Telstra Delay 3G Network Closure By Two Months

Telstra has announced it will delay the shutdown of its 3G network by two months to allow more time for affected customers to upgrade their handset or devices.

Telstra CEO Vicki Brady says the 3G network will now close on August 31 rather than June 30 as previously planned.

The delay is in response to concerns customers might not know their devices aren’t compatible when the 3G network is closed.

Of particular concern are customers with 4G devices, but ones that are so old they are hard-wired to use 3G for emergency calls.

“We have to make sure everyone is ready to make this transition together, and we know some of our customers are still working through the steps they need to take to upgrade their devices,” Telstra says.

“That’s why we’ve decided to provide more time and further support.”

With Vodafone having already shut down its 3G network in December and Optus planning to shutter its 3G network by August 31, all systems relying on the 3G network for communication are likely to experience limited function from those dates onwards.

Commonly affected devices include: telematics and vehicle/asset tracking devices; traffic management signs; weather systems and stations; alarms/building entry; devices that incorporate gateway or mesh backhaul; personal emergency response (PER) systems; and phones and tablets.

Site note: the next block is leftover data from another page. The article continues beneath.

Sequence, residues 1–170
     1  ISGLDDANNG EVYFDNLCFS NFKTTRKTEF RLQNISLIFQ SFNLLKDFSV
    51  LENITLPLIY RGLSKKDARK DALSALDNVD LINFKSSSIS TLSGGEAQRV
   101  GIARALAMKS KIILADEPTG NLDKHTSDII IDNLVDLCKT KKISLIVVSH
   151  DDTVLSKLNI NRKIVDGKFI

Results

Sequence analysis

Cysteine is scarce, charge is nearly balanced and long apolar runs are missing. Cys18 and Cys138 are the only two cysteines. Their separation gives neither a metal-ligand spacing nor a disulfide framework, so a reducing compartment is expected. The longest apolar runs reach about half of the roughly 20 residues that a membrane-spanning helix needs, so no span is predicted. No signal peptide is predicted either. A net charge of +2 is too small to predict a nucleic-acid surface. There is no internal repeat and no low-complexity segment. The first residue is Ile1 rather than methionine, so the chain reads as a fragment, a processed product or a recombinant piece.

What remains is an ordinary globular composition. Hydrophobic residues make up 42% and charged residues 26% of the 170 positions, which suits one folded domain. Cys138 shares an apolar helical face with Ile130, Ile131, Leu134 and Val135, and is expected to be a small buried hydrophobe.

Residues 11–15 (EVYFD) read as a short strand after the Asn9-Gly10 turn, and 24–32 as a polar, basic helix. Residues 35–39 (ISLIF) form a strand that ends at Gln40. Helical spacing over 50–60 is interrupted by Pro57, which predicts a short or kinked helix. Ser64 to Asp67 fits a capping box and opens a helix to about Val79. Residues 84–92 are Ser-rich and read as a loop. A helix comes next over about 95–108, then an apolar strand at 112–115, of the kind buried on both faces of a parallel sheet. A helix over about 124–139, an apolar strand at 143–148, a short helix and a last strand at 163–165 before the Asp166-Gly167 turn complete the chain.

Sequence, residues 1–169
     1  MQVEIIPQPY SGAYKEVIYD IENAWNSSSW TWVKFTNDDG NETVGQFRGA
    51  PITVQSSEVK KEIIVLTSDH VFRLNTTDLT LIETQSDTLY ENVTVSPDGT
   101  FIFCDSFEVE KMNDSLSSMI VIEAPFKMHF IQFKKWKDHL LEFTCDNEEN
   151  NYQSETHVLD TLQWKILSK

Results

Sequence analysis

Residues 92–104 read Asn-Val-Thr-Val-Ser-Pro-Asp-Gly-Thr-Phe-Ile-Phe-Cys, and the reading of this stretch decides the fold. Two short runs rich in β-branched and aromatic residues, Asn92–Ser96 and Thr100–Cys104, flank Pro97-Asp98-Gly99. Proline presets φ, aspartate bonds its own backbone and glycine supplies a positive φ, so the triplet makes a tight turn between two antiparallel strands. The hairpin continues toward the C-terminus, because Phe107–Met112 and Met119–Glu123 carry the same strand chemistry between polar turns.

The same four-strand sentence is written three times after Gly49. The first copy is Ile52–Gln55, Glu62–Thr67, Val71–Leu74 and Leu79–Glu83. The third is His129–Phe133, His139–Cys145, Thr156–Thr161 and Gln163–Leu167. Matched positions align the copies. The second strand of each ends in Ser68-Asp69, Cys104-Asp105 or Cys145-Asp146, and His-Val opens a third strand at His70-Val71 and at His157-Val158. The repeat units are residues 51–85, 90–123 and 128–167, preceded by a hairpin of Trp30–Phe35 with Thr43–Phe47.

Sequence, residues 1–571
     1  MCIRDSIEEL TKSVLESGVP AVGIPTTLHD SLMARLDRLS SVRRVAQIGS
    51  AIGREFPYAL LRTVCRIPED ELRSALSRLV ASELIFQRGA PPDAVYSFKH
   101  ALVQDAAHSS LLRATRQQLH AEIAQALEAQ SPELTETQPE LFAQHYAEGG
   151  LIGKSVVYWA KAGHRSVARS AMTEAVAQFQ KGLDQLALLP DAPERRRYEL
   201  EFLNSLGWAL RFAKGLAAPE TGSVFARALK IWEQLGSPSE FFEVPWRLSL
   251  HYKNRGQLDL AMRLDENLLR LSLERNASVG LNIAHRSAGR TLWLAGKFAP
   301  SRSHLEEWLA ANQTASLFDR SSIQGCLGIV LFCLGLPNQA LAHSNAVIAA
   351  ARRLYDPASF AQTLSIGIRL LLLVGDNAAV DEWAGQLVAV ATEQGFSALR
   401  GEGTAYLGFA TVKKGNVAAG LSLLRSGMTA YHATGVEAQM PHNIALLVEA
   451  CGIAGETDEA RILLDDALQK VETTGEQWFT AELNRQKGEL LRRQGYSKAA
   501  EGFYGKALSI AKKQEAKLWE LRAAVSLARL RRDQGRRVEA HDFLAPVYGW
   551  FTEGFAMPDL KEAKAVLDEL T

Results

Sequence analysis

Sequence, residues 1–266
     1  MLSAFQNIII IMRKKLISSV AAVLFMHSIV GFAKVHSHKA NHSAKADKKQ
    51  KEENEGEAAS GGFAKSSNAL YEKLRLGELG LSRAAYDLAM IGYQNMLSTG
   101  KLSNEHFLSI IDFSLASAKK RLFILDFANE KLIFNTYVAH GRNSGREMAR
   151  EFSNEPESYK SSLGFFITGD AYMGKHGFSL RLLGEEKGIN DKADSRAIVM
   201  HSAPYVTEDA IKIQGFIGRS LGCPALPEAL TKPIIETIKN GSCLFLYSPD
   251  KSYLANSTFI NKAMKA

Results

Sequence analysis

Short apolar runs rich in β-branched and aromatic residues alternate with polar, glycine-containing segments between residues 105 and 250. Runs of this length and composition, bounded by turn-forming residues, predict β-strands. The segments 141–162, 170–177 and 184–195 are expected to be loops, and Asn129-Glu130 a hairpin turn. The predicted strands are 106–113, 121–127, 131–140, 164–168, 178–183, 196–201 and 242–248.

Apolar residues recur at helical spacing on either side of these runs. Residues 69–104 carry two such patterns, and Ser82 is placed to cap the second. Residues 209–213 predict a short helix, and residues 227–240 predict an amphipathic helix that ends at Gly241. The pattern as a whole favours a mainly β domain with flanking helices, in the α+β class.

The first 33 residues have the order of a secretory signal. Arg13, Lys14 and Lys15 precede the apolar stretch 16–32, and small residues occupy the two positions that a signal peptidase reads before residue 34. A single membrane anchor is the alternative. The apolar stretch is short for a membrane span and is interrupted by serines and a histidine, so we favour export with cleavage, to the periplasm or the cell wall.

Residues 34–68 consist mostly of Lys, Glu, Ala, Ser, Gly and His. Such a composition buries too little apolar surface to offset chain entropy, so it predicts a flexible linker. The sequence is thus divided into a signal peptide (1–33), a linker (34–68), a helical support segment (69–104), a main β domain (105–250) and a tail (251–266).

Gavin Hill, Transport Certification Australia’s General Manager, Strategic Engagement and Performance, says that despite the extension provided by Telstra, there’s still limited time available to transport operators who rely on telematics devices for access or productivity benefits to manage their transitions.

The migration process can take months, and timing is dependent on the number of affected devices and the availability of installers.

“There are over 15,000 heavy vehicles currently reporting telematics data from their vehicles through the National Telematics Framework, which enables them to take advantage of productivity and/or safety benefits offered by Australia’s road managers,” he says.

“Transport operators who rely on telematics devices for the Road Infrastructure Management (RIM) application, the Telematics Monitoring Application (TMA) or the Intelligent Access Program (IAP) need to ensure their telematics devices have been upgraded to remain legally compliant with road access notices or permits.”

As the administrator of the National Telematics Framework, TCA plays a key role in assessing and approving telematics hardware for use in telematics schemes that enable heavy vehicles to operate on the Australian road network.

TCA’s registered and certified service providers are the first point of contact for transport operators who wish to check if their vehicles are affected by the 3G closure.

“TCA’s message is: don’t delay. Commit to a rollout schedule with your provider to ensure you remain compliant after the 3G shutdown,” Hill adds.

A list of 4G compliant telematics devices which have been type-approved by TCA is available here.

HVIA has released a simple one-page fact sheet to help members and the wider industry prepare for the impeding shutdown of the 3G network.

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